Up to now, treatment has included a wide range of hit-or-miss techniques:
• Getting a hearing aid may ease symptoms. Tinnitus sometimes is associated with hearing loss, and researchers speculate that as hearing ability declines, the brain makes changes to neurons that process sound, and that triggers tinnitus.
• Behavioral therapies that change your reaction to the constant din also can help lessen tinnitus-related distress (much like such therapy helps people deal with chronic pain).
• Brain training is perhaps the most intriguing approach. Using external sound to distract a person from the internal noise or calming tinnitus-related neural hyperactivity sometimes is effective. Now the newly devised Brain Fitness Program-Tinnitus hopes to take it a step further.
The eight-week program, designed by researchers at Washington University School of Medicine, uses the brain's ability to change how it approaches thinking and memory skills (brain scans showed the changes), and then strengthens them so that they can overpower distraction from tinnitus! Fifty percent of those who completed the program reported improvements in their tinnitus, memory, attention and concentration.
The study used a memory-strengthening program from www.brainhq.com; there are others online that may help, too. Give it a try.
Q: I am pregnant and don't understand the new recommendations about eating fish. Can you explain them? I am scared about what mercury can do to me and the baby! — Kaylee H., Tampa, Fla.
A: The Environmental Protection Agency and the Food and Drug Administration have gotten together and (finally) put out a clear summary of their recommendations about eating fish, especially for pregnant and breastfeeding women. It extends the longstanding recommendation that women 16 to 49 and those who are pregnant or breastfeeding eat 8 to 12 ounces of fish (we'll detail the kinds of fish below) in two to three 4-ounce servings per week. This is for women weighing 165 pounds or more. If you weigh less than that you should reduce your consumption, advises the FDA.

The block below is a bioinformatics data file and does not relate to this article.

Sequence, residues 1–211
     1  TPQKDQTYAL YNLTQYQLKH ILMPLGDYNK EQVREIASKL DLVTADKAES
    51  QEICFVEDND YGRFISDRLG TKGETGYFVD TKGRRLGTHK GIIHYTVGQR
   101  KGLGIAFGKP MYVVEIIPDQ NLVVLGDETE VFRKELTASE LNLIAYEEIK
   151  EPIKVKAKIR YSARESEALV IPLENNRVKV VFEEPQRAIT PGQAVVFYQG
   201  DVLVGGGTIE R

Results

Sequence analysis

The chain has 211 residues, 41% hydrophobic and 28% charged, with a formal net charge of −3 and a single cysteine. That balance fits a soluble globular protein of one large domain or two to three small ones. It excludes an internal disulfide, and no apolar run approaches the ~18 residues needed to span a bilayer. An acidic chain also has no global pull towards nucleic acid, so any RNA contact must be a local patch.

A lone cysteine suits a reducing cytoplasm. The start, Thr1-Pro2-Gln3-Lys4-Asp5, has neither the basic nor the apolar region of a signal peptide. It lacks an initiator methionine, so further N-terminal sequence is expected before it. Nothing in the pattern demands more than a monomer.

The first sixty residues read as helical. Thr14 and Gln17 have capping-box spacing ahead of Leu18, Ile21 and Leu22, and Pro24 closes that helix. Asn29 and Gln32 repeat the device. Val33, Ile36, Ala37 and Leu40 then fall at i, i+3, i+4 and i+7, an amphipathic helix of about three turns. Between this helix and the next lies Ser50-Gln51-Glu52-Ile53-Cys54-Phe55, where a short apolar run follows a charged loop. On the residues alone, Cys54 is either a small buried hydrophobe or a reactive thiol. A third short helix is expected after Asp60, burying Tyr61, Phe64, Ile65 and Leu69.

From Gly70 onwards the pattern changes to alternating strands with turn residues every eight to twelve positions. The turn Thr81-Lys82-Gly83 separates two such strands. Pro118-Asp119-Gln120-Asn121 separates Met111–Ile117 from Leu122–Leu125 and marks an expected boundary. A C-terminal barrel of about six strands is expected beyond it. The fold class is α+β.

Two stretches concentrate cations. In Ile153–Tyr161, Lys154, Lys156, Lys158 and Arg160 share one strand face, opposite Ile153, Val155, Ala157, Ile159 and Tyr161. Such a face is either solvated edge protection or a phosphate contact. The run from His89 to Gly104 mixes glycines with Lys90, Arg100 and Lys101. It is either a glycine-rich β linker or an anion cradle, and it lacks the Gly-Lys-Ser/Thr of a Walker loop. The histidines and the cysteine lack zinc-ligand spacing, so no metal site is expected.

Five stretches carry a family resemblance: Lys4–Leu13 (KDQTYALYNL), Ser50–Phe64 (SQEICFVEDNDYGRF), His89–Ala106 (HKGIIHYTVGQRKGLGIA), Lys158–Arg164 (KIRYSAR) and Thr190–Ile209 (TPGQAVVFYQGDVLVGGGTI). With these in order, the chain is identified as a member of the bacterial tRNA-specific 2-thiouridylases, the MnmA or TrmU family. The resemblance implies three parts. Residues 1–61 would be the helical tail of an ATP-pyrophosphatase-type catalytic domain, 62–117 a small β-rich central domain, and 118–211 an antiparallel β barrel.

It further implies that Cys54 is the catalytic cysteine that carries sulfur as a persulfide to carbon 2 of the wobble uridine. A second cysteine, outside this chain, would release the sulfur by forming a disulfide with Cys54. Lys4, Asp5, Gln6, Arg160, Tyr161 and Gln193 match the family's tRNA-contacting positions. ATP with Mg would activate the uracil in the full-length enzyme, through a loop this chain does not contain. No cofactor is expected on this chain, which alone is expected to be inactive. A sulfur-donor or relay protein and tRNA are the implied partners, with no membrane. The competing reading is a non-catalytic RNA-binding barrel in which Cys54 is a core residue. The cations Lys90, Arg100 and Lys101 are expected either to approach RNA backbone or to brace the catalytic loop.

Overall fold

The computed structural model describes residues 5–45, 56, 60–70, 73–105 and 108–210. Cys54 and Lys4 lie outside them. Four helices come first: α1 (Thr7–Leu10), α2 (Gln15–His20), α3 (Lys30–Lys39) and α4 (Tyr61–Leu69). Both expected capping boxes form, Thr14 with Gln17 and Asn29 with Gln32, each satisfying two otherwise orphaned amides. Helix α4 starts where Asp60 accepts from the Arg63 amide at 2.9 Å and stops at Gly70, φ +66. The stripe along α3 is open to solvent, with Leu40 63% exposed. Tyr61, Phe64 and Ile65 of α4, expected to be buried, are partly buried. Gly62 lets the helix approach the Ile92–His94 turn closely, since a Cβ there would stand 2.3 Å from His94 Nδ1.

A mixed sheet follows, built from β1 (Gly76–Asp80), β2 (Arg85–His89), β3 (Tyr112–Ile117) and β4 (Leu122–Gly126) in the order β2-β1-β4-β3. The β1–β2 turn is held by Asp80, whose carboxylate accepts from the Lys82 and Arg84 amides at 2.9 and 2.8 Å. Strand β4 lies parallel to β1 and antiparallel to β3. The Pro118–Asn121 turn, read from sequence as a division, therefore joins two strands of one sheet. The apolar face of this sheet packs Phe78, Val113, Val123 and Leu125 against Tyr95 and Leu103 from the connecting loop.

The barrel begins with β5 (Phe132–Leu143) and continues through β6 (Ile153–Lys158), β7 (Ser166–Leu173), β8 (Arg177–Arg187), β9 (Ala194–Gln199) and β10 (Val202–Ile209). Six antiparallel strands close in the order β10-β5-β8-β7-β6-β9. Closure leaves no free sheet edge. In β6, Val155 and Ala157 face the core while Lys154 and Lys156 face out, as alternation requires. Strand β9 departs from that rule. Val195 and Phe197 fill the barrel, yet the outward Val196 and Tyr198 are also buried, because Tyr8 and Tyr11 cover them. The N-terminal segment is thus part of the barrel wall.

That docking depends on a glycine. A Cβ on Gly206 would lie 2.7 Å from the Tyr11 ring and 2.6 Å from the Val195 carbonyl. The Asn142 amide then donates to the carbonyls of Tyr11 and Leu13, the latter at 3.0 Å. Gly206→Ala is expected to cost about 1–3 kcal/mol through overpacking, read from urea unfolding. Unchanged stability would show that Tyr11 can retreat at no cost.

Fish supply essential nutrients like omega-3s, selenium, zinc, iodine, iron and other minerals, high-quality protein, B vitamins and, from oily fish, vitamins A and D. Those nutrients help fetus, mom and baby stay healthy.
Plus, your body can naturally and safely clear a certain amount of methylmercury, although it can take several months. Excess levels of mercury can be harmful to the brain and nervous system of fetus, child and, in larger doses, mom. If the thought of fish is too much (whether you're pregnant or not, but of childbearing age), make sure you take a prenatal vitamin along with 200 mg of algal omega-3 DHA a day.
The basic guidelines are as follows:
Do not eat swordfish, King mackerel, orange roughy, shark, tilefish from the Gulf of Mexico, and bigeye tuna (it's on the list of overfished seafood anyway, and should be spared).
Once a week, you can have any of 19 varieties of fish that includes albacore tuna, grouper and snapper.
Enjoy two to three times a week, salmon, black sea bass, cod, flounder, haddock, shrimp, scallops, sole, squid, light tuna (canned) and 27 other varieties (great selection!). Always mix it up; don't repeatedly eat the same kind of fish.
For your own digital copy of the recommendations, access to their FAQs and the complete listing of good-and-good-for-you fish, go to www.fda.gov and search for "Fish Advice."
Dr. Mehmet Oz is host of “The Dr. Oz Show,” and Dr. Mike Roizen is Chief Wellness Officer and Chair of Wellness Institute at Cleveland Clinic. Email your health and wellness questions to firstname.lastname@example.org.